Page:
Active managers can’t beat their indexes consistently.
During my 25+ years of helping people navigate financial waters, I can honestly say I have never had a single client who cared about beating an index – any index – except inflation.
Pretty amazing since most media tend to focus on only two things: Active managers vs. a passive index and cost of ownership. Little, if anything, is ever said about the value provided. To them, apparently, value is ‘nil’.
Actually, our industry is at fault, as well. Look at our quarterly or annual reports. Performance is always measured against an index or some blend of indexes. Industry custodians don’t get it, either.
The ONLY index that REALLY counts is long-term performance measured as progress toward your personal goals, measured in probabilities. Probabilities, after all, are all we really have to work with since there are no guarantees in life. Even our money isn’t guaranteed; it’s “backed by the full faith and credit of….”
So, what approach offers the best chance of meeting your goals? As you might guess, there is no one right answer. The answer will depend on which approach is most appropriate for you.
Managing the downside
When active managers are chosen for a portion of a client’s portfolio, in most cases what the investor is really seeking are returns that outpace inflation while limiting downside risk.
Take a look at this purely hypothetical 10-year market environment. You’ll see our hypothetical market begins and ends with 20-point gains. There are six years of +20% and four years of -20%.
Portfolio A begins with $500,000 and invests in that market. To keep things simple for illustrating this concept, we’ll ignore expenses and taxes. Those aside, you’ll note the average annual compound return and the ending value. The numbers aren’t important except for comparison with the next chart.
IHere’s a hypothetical portfolio that’s been managed for downside risk. Here our fictitious manager is very conservative, capturing only 80% of the upside of each up-market, and also very effective, capturing only 70% of the downside moves. Despite the fact this manager never beat the market on up years, outperforming by limiting losses in down years lead to an overall outperformance.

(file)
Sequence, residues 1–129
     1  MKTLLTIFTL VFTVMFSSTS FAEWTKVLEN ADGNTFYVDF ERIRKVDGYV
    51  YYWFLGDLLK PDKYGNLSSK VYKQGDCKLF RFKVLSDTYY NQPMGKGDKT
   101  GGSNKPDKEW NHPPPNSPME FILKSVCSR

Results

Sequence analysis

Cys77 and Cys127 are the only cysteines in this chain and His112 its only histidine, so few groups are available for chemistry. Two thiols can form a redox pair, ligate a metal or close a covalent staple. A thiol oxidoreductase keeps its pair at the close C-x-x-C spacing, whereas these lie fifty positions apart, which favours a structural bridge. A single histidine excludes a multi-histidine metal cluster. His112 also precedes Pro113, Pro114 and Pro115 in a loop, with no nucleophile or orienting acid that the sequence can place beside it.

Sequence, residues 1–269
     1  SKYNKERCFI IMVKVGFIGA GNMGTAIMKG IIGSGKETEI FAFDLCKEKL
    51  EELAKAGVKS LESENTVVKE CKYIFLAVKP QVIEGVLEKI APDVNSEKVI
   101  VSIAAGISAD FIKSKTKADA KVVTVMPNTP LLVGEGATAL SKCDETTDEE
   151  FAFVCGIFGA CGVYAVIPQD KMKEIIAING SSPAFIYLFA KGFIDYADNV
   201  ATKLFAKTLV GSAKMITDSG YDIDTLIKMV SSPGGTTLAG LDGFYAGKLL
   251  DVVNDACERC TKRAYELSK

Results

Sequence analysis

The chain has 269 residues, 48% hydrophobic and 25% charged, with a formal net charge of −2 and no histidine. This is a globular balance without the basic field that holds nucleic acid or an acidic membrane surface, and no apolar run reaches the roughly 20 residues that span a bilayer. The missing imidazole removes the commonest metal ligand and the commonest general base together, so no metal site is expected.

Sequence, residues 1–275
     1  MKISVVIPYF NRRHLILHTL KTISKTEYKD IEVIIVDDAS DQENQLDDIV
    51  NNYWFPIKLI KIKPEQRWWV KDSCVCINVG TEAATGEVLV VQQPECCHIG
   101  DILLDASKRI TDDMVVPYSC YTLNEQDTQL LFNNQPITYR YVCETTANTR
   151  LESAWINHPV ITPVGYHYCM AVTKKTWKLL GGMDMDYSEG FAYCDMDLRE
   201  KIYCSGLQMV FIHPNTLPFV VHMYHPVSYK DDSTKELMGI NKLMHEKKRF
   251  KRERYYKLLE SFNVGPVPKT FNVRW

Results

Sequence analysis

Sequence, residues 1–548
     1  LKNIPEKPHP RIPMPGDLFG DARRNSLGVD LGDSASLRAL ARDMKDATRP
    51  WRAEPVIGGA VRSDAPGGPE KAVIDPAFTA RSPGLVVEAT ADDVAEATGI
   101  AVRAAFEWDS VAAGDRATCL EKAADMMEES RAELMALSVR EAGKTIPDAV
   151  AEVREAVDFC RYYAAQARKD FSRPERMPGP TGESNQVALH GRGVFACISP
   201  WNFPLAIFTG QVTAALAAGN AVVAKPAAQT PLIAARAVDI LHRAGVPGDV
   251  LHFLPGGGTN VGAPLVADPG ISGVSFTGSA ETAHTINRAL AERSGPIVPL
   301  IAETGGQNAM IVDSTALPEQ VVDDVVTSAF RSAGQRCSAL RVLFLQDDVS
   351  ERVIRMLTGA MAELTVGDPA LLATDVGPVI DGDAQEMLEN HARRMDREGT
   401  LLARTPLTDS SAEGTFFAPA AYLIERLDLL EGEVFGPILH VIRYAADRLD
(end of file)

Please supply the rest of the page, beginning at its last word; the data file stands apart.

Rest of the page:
It’s a made-up scenario, I know, but it does illustrate a concept: Limiting the downside can be quite effective – maybe even more than trying to beat the market indexes and accepting big downside losses.
What if we eliminate the downside altogether?
Insurance companies market their equity-indexed annuities and equity-indexed universal life products with this guarantee. What if you could capture 100% of the upside up to a ‘cap’ of 12%, for example, and be guaranteed that you never lose money? You’ve seen the commercials.
Here’s the same hypothetical market return, this time compared to the strategy that eliminates downside risk! Wow! Looks good! Compare the ending values with our manager limiting losses in the prior example. Now, even if you factor in expenses and inflation, it would still look pretty good.
But, does this method outperform in all markets?
In this third chart, I’ve created another hypothetical series of market returns starting at -10% and moving all the way up to +35% over ten years. There are only two down years, yet despite that, this market return series outperformed the guaranteed return. In fact, our downside guaranteed portfolio came in $477,000 BELOW the ‘market’ portfolio.
You could create a million market return sequences and come up with a million different variations. The point is while these downside guarantees don’t necessarily mean you will make more money, they can provide a valuable ‘protected’ return.
Again, who cares? If the portfolio is advancing you to your goals, that should be all that counts.
But, how do you position these guaranteed products in your portfolio?
What asset-class should they be assigned to? Just because you may have participation with a stock index, do those assets get assigned to the stock portion of your allocation? If not, why not? And, how would you position them?
The answer might surprise you. Many retirement plans may fail. Some time ago I created a report on this subject – you might find it helpful. You can access it here.